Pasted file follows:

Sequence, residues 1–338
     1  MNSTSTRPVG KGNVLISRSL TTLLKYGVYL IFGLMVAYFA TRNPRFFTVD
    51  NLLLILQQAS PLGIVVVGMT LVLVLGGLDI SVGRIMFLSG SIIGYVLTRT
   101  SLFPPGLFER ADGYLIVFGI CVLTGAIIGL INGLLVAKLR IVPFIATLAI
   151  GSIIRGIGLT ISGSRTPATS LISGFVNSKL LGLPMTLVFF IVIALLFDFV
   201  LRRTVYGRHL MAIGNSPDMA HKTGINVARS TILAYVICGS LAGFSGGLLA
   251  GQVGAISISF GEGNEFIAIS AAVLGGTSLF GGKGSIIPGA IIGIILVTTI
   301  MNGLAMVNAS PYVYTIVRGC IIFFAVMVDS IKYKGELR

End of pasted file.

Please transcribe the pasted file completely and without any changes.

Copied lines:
Sequence, residues 1–338
     1  MNSTSTRPVG KGNVLISRSL TTLLKYGVYL IFGLMVAYFA TRNPRFFTVD
    51  NLLLILQQAS PLGIVVVGMT LVLVLGGLDI SVGRIMFLSG SIIGYVLTRT
   101  SLFPPGLFER ADGYLIVFGI CVLTGAIIGL INGLLVAKLR IVPFIATLAI
   151  GSIIRGIGLT ISGSRTPATS LISGFVNSKL LGLPMTLVFF IVIALLFDFV
   201  LRRTVYGRHL MAIGNSPDMA HKTGINVARS TILAYVICGS LAGFSGGLLA
   251  GQVGAISISF GEGNEFIAIS AAVLGGTSLF GGKGSIIPGA IIGIILVTTI
   301  MNGLAMVNAS PYVYTIVRGC IIFFAVMVDS IKYKGELR